I love James Scott Bell’s advice on improving scenes in his amazingly awesome book, Revision and Self-Editing (a must-own for every novelist). He recommends going through your manuscript and identifying the ten weakest scenes, cutting number ten (the weakest), and doing the following to strengthen the remaining nine. But if you have the time, why not do the following for every single one of your scenes? Think how amazing your story would be.
First, every scene should have the three O’s, as JCB calls them:
1. An objective: the point of view character wants to accomplish something
2. An obstacle: something needs to get in the way of the objective
3. An outcome: the scene’s ending
So here’s what you do:
First, determined your character’s objective.
- If there isn’t one, that should be a huge warning sign. Either get one or cut the scene.
- Once you understand the objective, ask yourself if you can strengthen it. Can you make it more important? Can you reveal something that makes the objective even more crucial than your protagonist originally thought?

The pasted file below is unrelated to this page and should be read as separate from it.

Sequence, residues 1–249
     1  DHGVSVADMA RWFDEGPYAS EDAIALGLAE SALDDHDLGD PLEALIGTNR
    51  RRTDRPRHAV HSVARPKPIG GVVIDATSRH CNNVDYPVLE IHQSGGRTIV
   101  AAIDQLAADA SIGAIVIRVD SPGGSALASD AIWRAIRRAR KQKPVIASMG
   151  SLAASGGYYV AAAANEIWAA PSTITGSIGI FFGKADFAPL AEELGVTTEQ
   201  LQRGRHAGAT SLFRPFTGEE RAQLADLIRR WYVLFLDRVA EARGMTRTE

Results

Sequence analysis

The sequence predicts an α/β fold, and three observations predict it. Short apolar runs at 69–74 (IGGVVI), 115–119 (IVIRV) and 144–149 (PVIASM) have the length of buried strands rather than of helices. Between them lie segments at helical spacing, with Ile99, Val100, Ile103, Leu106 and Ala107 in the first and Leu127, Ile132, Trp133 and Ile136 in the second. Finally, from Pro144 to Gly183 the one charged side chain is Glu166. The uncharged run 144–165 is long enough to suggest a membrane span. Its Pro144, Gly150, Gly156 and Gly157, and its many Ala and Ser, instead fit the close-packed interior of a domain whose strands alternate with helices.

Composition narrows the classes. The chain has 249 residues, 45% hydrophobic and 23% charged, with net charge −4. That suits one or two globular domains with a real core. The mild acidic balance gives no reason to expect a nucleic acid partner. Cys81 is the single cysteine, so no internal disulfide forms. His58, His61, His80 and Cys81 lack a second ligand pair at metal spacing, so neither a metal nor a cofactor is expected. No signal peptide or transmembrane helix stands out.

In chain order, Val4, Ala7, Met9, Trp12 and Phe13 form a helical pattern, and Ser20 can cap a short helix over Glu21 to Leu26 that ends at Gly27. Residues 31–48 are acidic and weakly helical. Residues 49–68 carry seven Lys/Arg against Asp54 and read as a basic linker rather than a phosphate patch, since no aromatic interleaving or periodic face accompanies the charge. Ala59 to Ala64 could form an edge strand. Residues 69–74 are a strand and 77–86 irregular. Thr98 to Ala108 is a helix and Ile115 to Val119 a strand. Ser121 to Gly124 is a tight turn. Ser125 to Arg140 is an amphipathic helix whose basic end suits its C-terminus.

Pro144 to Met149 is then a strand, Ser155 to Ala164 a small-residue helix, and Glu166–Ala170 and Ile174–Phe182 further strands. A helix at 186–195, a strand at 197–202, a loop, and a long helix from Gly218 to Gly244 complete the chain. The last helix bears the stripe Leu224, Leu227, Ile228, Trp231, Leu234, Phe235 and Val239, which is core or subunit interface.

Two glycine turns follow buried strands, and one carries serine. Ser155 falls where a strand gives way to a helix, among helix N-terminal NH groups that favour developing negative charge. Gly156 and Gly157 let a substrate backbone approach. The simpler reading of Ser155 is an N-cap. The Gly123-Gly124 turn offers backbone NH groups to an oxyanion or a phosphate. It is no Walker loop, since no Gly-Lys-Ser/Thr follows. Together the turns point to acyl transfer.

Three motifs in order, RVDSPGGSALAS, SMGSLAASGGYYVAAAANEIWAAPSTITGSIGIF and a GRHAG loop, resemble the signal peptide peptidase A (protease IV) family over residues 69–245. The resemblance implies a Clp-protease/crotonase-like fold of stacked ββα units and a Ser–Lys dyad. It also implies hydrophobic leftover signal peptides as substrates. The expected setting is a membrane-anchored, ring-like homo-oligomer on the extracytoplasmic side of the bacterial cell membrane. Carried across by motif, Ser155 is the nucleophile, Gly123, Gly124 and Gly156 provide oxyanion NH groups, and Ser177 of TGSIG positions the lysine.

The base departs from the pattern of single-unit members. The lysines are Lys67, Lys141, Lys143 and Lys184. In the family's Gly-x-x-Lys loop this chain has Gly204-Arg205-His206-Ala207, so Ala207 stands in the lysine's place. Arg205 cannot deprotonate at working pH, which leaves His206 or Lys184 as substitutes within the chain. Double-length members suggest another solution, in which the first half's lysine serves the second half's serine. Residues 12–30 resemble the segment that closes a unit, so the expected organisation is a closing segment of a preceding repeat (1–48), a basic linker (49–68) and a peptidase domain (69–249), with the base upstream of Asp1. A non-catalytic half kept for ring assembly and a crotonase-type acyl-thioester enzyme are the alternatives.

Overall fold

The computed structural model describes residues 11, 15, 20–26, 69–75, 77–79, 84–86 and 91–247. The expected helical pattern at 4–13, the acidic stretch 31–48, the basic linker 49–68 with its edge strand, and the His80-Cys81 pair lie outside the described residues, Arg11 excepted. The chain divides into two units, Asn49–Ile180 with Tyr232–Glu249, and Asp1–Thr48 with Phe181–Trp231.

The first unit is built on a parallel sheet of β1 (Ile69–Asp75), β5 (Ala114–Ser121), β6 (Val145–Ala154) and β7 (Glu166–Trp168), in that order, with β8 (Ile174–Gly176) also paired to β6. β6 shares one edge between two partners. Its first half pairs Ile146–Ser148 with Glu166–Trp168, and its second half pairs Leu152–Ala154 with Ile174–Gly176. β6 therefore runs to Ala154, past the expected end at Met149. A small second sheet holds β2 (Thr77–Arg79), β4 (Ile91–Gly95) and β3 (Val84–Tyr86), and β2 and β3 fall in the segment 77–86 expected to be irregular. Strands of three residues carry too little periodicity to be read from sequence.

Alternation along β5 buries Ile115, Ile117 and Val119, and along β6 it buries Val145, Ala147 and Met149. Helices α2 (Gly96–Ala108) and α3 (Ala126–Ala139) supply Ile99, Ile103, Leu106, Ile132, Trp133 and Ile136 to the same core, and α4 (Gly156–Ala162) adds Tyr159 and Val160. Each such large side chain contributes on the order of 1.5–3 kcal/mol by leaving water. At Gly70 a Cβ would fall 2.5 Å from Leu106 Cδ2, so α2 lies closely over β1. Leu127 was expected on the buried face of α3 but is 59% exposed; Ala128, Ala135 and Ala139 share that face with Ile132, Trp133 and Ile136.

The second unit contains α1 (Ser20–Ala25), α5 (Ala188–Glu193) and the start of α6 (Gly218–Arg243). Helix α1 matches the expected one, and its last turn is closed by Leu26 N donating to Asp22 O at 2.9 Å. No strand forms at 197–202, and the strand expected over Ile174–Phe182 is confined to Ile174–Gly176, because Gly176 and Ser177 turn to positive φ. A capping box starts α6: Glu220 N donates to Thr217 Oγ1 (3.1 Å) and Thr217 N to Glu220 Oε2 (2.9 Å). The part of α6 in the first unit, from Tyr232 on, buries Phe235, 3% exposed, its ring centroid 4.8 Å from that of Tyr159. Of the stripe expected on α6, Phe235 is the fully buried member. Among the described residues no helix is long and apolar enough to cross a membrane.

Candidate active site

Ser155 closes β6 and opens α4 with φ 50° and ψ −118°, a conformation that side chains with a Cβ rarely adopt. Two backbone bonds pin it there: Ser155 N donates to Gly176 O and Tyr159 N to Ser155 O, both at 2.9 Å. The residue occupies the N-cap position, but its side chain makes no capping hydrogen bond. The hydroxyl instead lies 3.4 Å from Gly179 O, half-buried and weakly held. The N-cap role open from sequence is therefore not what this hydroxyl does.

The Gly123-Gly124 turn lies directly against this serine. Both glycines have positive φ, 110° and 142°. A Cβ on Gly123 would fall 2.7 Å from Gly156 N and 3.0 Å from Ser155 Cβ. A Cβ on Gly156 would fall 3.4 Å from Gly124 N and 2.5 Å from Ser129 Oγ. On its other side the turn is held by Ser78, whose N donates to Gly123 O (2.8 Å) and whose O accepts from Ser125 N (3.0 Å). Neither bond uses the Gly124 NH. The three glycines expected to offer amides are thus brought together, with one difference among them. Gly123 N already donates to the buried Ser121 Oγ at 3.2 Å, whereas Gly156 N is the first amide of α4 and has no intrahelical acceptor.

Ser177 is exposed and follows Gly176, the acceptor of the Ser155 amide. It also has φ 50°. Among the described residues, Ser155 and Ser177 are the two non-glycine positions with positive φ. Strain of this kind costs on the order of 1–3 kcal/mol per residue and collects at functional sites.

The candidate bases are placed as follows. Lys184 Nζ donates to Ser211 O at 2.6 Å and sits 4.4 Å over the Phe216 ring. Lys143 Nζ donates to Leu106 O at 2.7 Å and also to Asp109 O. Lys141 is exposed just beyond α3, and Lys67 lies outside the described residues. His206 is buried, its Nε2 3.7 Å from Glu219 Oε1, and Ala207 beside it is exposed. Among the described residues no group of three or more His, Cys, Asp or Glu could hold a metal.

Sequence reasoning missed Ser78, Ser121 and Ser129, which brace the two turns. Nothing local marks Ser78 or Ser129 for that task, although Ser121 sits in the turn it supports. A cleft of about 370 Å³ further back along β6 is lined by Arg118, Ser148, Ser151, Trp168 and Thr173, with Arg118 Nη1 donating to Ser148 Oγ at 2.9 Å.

- Or maybe your objective is lame. Start brainstorming! Write a list of ten alternative objectives. Think outside the box. Pick the most original one and revise the scene accordingly.
Second, examine your obstacle.
- What’s stopping your character from getting what he or she wants? Is it another character? Is it the character himself? Is it a physical circumstance – like a disability or the weather or a traffic jam?
- Once you’ve figured out the obstacle, ask yourself if you can strengthen it. Can you make it huge? Can you make it more immediate?
- An excellent tool I like to utilize when it comes to intensifying my obstacles is the ticking time clock. Can you find a way to put a time limit on your character? So-and-so has to accomplish the scene objective in a certain amount of time or else? It does wonders for increasing tension.
Third, consider your outcome.
- Does the character accomplish his goal? Why?
- Have you considered ending with a disaster? Something that keeps the reader tense and the character away from his ultimate story goal. Because after all, it’s that tension which keeps your reader turning pages.
- A disaster is usually the best way to end your scenes.. So ask yourself how you can make things worse.
There you go, courtesy of the amazing James Scott Bell. Some sure fire tips for making your scenes jump off the page. Hope they help!
Questions to Ponder: How do you make your scenes jump off the page? How do you decide if you’re going to keep them or ax them? What tips of the trade can you share with me when it comes to revisions?